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Honor Mothers This May with the Hotline

mothersdayMother’s Day is a time to recognize mothers for the immeasurable contributions they make every day to better our world. Whether you are a mother, have a mother or know a mother who has impacted your life, you are aware of the many amazing qualities that the finest mothers possess – kindness, self-sacrifice, strength, generosity, courage, love, humor, selflessness, bravery and so much more.

This May, the National Domestic Violence Hotline is inviting you to acknowledge and thank your mom or a special mom you know by sending her a virtual Mother’s Day card and making a donation of $30 to the Hotline in her honor.

The cards were designed by Hotline advocates who provide compassionate, one-on-one support to those suffering from abuse. Our advocates speak daily with domestic violence victims – many of whom are mothers – who go to great lengths to keep their children and themselves safe despite facing numerous cruelties, including:

The need for additional help is great.

In the United States, 1 in 4 women has been a victim of severe physical violence by an intimate partner in her lifetime. Due to lack of resources, thousands of calls to the Hotline go unanswered each year. Your generous support can help us reach more people who need crisis intervention, safety planning, resources, and hope. This Mother’s Day, please celebrate moms everywhere with the Hotline. You can make a difference!

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Hotline President Katie Ray-Jones Testifies in Washington

Katie-in-DCToday the hotline’s president and acting CEO, Katie Ray-Jones, testified in front of the House LHHS Appropriations Subcommittee in Washington, DC. In her testimony, she asked for full funding of domestic violence programs in order to fill crucial needs for victims across the nation. We wanted to share a few key points of her submitted testimony here on the hotline blog:

  • Every day, [the hotline’s] highly trained advocates answer nearly 700 calls, texts or chats from those affected by domestic and dating violence. We know that many victims are one call, text or chat away from serious, if not deadly, violence.
  • Ninety-five percent of those contacting us disclosed verbal and emotional abuse, while 70 percent reported physical abuse.
  • Over 20,000 victims disclosed instances of economic abuse, in which their partner forcibly took control or manipulated their finances in order to wield power over them.
  • Over 5,000 victims disclosed instances of child abuse.
  • Nearly 5,000 victims were struggling with issues related to immigration.
  • The downtrend in the economy has impacted both victims and the local programs that serve them. A third of the victim callers surveyed had experienced a change in their financial situation in the previous year; 98% of those experienced an intensification of abuse during that same period.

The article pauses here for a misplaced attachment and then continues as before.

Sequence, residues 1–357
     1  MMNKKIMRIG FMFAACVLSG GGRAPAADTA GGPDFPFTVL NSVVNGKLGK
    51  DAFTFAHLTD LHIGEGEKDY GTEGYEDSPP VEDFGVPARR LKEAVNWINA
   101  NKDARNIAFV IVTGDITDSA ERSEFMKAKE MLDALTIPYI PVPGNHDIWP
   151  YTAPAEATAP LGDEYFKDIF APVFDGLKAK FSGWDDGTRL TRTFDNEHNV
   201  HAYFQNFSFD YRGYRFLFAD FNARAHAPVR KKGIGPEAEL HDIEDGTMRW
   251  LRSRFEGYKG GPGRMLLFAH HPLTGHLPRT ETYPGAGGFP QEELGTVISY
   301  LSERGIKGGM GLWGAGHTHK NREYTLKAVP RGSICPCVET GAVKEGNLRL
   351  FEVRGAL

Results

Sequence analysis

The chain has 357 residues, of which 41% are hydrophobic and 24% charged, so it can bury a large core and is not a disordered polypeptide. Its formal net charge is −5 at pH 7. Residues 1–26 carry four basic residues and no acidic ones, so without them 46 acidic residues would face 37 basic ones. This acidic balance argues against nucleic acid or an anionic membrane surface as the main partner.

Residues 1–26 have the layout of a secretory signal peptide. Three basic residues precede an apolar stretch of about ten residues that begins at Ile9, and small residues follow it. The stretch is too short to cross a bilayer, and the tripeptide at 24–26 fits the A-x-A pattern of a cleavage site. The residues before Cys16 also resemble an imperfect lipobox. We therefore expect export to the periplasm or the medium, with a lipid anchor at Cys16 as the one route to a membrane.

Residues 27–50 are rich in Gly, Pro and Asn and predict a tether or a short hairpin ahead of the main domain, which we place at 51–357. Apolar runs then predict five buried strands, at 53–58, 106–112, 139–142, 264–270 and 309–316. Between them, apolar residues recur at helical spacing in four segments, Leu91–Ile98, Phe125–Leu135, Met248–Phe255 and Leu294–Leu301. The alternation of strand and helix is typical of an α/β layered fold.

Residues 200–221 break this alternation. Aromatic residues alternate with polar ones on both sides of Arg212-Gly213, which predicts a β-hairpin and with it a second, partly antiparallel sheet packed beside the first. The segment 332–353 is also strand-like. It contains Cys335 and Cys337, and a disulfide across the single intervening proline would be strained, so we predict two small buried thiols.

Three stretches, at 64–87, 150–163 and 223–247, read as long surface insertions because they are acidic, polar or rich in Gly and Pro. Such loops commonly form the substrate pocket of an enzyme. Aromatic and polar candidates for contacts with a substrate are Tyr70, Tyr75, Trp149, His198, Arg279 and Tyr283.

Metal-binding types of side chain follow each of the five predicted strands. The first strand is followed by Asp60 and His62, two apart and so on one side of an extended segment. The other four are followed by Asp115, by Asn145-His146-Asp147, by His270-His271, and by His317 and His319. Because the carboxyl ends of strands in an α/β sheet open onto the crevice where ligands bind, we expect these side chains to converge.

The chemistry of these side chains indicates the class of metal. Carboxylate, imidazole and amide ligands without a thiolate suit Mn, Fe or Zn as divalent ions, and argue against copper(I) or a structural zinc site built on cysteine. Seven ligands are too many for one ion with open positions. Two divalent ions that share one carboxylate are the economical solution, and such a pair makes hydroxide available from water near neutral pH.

• The current economic climate has created a severe budget crisis for programs that provide safety and support for victims across the country. A 2013 survey of rape crisis centers by the National Alliance to End Sexual Violence found that over one-third of programs have a waiting list for services such as counseling and support groups, while over half had to lay off staff.
  • Victims of domestic violence have fewer places to turn, also. According to the National Network to End Domestic Violence’s 2013 Domestic Violence Counts annual census, in just one day last year, while more than 66,000 victims of domestic violence received services, over 9,640 requests for services went unmet, due to a lack of funding and resources.
  • We work in partnership with local, state, territorial and tribal programs. If any of us closes or reduces services because of funding shortfalls, everyone is impacted.
  • We ask today for increased funding for the Family Violence Prevention and Services Act programs.

You can view her full testimony in front of the subcommittee below:


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Help the Hotline Amplify Austin!

We are very excited to announce that the National Domestic Violence Hotline is participating in Amplify Austin 20amplifyATX14, presented by I Live Here, I Give Here!

Amplify Austin is a 24-hour online “festival of giving” that provides an easy and fun way for the entire community to help hundreds of nonprofits that are meeting critical needs. This year’s campaign will take place on Thursday, March 20th starting at 6pm and will end on March 21st at 6pm. The goal is to raise $4 million for area-wide nonprofits.

Did you know that the hotline is headquartered in Austin, TX? We love our fair city and are thrilled to join more than 400 nonprofits in Central Texas for the second annual Amplify Austin campaign. Every dollar we raise will go toward increasing our capacity to serve victims of domestic violence in Central Texas and across the nation.

Know the Numbers

  • 1 in 4 women and 1 in 7 men over the age of 18 in the U.S. have experienced intimate partner violence